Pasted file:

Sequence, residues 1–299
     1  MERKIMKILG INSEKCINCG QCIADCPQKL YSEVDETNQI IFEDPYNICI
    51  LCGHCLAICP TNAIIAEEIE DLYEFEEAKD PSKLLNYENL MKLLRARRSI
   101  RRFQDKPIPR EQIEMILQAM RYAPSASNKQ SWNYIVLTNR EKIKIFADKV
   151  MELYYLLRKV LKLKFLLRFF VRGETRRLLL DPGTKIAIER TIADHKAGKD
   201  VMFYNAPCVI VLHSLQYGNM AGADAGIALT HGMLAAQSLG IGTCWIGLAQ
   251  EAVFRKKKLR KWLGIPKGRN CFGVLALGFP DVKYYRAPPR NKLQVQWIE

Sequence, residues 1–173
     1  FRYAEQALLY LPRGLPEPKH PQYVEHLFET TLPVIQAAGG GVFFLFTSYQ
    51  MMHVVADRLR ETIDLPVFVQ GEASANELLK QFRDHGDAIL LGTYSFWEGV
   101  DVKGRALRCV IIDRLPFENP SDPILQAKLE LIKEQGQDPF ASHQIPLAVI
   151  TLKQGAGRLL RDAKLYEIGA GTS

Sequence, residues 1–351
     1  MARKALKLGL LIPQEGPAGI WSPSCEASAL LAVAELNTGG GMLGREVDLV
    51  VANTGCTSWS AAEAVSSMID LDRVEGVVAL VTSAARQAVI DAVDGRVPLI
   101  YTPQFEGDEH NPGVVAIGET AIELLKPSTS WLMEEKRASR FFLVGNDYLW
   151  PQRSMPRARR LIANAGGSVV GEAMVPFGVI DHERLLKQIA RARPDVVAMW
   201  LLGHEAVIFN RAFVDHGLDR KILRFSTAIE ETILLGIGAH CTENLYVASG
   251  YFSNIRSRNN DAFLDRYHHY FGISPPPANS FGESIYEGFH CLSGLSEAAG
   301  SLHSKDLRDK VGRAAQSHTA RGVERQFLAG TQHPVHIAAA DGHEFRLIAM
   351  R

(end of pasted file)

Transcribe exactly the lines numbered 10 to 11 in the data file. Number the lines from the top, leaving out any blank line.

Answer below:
    51  MMHVVADRLR ETIDLPVFVQ GEASANELLK QFRDHGDAIL LGTYSFWEGV
   101  DVKGRALRCV IIDRLPFENP SDPILQAKLE LIKEQGQDPF ASHQIPLAVI